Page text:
Most first-time homebuyers aren’t familiar with the financing process when they apply for a first mortgage. And why would they be? They’ve never done it before.
But failing to understand what’s required of a mortgagee in advance, especially with regards to creditworthiness, is a bad idea.
If you’re a first-time homebuyer completing the mortgage process probably seems like the most stressful part.
But it doesn’t have to be.
The following article will shed some light on evaluating your own credit so you can make a smart decision about buying a home.
The Truth About How Lenders See You
Today’s homebuyers have more mortgage loan options than ever before because the Internet has made it easy for people to access multiple lenders from the comfort of their couch. But when considering your loan options you must decide which type of lender is best for you before you start the application process.
Think about the following when choosing to apply for a loan with a financing agency.
Online Lender vs Going into a Bank
Is quick, digital communication more important than face-to-face interaction? If yes, then an online lender may be right for you. But if you need personal attention it could be advantageous to seek out local options.
To some first-time homebuyers, online lenders may feel impersonal.
To others, going to a bank during banking hours may be inconvenient.
It’s a good idea to weigh the pros and cons of partnering with an online lender vs a brick-and-mortar institution and deciding what is best for you.
Access to More Lending Sources
An online mortgage provider may have access to more lending sources than a typical bank selling only their own loan products.
But, more doesn’t necessarily mean better. As a first-time homebuyer, you have to take into account things like interest rate, points on the mortgage and whether or not the company is going to sell your loan to another lender.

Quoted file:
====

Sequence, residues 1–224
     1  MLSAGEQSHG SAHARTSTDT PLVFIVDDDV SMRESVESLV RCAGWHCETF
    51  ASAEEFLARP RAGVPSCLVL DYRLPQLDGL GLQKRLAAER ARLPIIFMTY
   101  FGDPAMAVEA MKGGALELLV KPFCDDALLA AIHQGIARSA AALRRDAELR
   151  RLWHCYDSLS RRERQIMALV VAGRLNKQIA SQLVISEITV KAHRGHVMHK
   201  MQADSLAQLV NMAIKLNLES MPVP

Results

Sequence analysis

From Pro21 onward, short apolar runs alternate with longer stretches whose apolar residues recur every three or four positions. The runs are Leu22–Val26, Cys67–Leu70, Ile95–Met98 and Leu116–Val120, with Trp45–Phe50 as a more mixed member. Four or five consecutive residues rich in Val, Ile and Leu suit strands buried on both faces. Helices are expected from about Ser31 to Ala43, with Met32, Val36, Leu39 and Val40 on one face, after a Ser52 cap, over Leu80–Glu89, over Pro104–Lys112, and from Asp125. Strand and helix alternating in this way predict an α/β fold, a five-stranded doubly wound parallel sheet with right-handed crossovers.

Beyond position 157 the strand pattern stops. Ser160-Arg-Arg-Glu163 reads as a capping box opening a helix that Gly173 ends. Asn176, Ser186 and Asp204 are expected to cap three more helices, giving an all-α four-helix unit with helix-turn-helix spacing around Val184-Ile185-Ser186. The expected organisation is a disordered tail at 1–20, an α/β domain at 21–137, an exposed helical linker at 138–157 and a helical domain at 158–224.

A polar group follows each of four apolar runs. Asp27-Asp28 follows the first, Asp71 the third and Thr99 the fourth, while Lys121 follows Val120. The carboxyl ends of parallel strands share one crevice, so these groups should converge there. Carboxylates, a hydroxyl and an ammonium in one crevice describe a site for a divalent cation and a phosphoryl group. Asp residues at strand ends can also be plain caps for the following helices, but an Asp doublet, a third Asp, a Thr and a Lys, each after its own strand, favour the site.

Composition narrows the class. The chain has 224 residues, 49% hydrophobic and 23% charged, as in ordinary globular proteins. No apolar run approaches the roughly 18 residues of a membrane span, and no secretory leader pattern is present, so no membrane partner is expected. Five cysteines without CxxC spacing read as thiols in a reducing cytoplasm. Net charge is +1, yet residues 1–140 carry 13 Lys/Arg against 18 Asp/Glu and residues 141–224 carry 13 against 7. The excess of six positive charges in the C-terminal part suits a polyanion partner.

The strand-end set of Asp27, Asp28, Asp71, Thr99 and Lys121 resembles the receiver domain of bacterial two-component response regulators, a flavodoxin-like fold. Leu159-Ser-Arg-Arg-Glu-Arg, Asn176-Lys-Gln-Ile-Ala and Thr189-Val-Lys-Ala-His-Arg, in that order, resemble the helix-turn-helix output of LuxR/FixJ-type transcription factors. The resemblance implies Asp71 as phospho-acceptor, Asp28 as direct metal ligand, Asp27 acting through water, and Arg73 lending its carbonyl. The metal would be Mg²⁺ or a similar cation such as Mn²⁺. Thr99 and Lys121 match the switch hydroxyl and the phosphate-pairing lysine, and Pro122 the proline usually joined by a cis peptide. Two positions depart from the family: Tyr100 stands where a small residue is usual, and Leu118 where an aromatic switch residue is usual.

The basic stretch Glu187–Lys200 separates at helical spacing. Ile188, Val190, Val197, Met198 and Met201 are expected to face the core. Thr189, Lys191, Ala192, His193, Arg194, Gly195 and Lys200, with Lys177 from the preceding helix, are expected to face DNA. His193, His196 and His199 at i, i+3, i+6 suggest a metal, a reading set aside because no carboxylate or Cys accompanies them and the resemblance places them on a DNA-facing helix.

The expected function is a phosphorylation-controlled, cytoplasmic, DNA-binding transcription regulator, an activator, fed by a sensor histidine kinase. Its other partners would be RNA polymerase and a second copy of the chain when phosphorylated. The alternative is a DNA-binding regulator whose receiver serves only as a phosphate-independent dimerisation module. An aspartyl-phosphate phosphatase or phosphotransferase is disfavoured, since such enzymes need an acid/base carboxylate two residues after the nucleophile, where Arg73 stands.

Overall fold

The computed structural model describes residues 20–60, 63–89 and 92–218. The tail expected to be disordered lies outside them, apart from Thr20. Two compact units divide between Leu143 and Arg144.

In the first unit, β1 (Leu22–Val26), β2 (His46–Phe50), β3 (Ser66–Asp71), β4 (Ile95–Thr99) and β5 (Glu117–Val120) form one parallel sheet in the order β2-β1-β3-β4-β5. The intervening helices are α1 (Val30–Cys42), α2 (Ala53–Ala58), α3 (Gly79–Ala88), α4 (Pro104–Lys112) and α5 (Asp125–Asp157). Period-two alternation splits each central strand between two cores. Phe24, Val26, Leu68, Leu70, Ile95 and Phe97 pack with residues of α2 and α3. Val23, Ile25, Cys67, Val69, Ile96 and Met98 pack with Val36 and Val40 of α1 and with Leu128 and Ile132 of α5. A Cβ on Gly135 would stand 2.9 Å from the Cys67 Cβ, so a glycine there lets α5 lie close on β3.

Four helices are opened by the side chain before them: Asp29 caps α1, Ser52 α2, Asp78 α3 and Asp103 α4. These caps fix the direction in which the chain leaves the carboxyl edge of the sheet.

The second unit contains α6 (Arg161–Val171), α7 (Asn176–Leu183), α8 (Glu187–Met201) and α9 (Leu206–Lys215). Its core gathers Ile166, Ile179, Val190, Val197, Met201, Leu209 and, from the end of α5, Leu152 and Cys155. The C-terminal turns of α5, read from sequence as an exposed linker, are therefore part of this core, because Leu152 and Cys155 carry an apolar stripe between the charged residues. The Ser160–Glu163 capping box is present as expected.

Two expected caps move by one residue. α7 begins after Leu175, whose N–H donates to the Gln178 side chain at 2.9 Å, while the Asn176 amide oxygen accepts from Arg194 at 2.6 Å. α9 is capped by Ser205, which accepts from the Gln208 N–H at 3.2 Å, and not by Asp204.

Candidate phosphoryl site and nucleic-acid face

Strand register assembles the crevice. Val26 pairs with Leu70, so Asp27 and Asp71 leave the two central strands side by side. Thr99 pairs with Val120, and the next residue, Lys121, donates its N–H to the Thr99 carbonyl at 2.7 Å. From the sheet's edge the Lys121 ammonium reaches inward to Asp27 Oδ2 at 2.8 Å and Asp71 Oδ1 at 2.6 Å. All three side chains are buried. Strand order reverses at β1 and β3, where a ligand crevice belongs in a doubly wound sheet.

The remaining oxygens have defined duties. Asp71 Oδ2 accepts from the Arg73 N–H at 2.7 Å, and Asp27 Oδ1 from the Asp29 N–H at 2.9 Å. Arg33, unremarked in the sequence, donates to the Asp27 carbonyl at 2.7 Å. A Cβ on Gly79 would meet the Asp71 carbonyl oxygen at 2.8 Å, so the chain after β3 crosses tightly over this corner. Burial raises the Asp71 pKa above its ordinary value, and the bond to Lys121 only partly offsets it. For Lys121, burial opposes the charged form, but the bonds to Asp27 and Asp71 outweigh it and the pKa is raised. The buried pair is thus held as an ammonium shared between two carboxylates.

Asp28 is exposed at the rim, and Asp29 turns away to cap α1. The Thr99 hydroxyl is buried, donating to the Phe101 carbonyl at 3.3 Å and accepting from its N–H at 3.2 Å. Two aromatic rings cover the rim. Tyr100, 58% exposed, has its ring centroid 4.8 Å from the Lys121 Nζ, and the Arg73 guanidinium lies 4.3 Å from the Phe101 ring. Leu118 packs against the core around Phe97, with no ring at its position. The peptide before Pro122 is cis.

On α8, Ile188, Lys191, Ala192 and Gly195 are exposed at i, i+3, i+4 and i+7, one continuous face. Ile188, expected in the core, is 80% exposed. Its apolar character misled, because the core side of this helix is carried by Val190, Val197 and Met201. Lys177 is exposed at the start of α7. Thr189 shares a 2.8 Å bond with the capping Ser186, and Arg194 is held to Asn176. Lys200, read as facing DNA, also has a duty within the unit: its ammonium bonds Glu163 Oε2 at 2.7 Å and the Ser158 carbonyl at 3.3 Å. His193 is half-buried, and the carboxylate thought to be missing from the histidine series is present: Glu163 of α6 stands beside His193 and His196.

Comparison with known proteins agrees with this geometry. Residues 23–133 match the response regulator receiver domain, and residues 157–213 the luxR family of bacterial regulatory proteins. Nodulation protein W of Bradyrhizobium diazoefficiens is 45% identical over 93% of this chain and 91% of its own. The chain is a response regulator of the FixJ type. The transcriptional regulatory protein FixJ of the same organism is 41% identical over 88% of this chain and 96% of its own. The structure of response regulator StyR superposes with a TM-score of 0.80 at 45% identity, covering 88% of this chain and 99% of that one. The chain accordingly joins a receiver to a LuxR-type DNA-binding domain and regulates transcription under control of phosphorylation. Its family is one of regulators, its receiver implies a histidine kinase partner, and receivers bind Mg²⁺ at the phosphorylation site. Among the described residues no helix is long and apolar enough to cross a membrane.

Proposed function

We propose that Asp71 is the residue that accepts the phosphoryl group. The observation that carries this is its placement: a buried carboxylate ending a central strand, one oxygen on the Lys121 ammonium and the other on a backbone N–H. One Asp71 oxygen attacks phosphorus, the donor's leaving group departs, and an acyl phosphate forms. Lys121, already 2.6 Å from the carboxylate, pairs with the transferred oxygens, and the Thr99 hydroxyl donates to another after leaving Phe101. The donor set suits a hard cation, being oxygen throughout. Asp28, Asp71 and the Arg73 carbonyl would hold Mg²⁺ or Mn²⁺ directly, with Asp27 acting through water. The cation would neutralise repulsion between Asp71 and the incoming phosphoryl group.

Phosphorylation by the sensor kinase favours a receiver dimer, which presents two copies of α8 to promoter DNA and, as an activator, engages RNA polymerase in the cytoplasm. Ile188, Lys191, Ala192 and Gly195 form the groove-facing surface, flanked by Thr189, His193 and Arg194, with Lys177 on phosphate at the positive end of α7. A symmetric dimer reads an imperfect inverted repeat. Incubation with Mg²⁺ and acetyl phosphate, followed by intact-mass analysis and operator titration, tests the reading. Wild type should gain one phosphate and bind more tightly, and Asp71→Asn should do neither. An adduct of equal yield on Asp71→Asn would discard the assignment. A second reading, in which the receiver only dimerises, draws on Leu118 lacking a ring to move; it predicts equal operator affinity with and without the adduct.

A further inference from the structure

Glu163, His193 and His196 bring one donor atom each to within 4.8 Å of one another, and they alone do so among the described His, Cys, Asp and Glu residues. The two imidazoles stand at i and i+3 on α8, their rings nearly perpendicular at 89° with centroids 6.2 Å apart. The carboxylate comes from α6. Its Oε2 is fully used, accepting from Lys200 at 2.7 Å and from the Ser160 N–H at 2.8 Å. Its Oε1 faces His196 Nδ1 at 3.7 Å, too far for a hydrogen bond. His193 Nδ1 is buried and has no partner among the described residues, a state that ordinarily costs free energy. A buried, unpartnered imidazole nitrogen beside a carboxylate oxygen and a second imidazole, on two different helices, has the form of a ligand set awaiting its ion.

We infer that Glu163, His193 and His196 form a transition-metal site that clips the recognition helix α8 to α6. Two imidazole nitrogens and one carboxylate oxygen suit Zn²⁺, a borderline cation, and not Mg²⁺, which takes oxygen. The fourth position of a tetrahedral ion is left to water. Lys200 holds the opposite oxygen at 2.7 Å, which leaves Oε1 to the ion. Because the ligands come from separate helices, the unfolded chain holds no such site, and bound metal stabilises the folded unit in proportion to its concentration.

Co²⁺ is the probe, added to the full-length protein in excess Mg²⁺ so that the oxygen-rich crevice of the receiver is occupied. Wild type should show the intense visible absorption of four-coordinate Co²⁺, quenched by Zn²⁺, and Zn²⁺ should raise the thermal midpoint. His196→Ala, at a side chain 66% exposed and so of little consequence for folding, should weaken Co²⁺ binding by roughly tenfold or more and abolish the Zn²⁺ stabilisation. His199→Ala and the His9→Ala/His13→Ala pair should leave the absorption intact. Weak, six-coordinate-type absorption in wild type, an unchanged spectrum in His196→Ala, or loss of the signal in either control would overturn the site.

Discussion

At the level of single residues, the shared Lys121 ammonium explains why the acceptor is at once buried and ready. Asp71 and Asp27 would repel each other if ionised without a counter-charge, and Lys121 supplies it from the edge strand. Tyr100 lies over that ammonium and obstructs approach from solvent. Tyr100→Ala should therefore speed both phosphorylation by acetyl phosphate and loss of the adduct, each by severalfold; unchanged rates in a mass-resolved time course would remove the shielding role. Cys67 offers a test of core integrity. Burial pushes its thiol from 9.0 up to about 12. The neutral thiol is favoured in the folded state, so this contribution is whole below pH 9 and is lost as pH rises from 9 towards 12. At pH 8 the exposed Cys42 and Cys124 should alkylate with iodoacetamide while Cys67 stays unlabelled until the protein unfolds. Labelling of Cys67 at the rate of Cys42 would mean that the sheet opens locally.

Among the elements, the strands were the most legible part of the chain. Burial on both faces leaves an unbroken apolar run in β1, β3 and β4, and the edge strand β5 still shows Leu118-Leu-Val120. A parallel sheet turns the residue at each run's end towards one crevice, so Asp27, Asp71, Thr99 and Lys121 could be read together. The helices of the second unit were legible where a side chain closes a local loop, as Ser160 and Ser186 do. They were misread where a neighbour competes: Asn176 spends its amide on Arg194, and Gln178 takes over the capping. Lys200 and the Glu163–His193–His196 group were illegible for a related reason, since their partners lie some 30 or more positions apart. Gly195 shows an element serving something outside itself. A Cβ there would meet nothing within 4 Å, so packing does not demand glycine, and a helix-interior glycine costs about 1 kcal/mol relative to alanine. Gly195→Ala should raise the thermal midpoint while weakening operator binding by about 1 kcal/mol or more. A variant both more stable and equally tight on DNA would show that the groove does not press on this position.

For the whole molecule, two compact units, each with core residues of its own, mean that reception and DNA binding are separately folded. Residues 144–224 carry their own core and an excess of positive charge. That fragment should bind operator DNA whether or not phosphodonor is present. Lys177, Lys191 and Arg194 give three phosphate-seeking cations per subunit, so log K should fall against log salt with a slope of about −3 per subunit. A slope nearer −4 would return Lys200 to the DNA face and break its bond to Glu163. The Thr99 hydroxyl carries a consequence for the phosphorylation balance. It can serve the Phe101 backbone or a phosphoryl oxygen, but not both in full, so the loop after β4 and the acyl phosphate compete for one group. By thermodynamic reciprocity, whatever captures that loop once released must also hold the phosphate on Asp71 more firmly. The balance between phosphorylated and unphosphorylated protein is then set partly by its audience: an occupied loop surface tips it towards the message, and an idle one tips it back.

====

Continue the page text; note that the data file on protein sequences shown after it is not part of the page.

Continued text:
After choosing the best type of funding source for your first mortgage, you’ll need to start the application to get pre-approved so you can start shopping.
Once you’ve selected the home of your dreams, the lender will take into account three main attributes that will determine whether you will make it through underwriting and secure the funding.
- Creditworthiness: This refers to your credit score, good, bad or ugly.
- Debt-to-income (DTI) ratio: The DTI gives mortgage lenders an idea if you can truly afford to take out a loan based on previous spending and total household income.
- Availability of collateral: This includes non-liquid assets that can be leveraged against a mortgage.
These items give lenders a holistic picture of you are as a consumer and potential first mortgage grantee.
Determining creditworthiness is a critical part of the whole underwriting process.
We’ll show you how to clean up your credit in advance, so you can ensure yours is in shape for your first mortgage.
In general, having good credit means getting a better interest rate on your mortgage loan. Most people pull their FICO credit score in advance of applying for a loan to get an indication of what their credit score might be.
Different loans have varied minimum score thresholds. These start around 580 for FHA and 620 if you’re going the conventional loan route.
Regardless of loan type, here are a few things you need to consider when making sure your credit is in order for your first mortgage:
Check Your Credit Report
The first thing anyone thinking about a mortgage should do is check their credit report.
This report provides credit scores in all three of the largest credit reporting agencies: TransUnion, Experian, and Equifax. It will also let you know if any fraudulent financing transactions have occurred under your name.
Sometimes errors occur on a report that aren’t the result of fraud but can still impact your overall creditworthiness. It’s estimated 1 in 5 credit reports contain some kind of error.
With numbers like that consumers have to protect themselves, their creditworthiness and their ability to get a first mortgage by being proactive about checking the report.
Avoid High Dollar Credit Transactions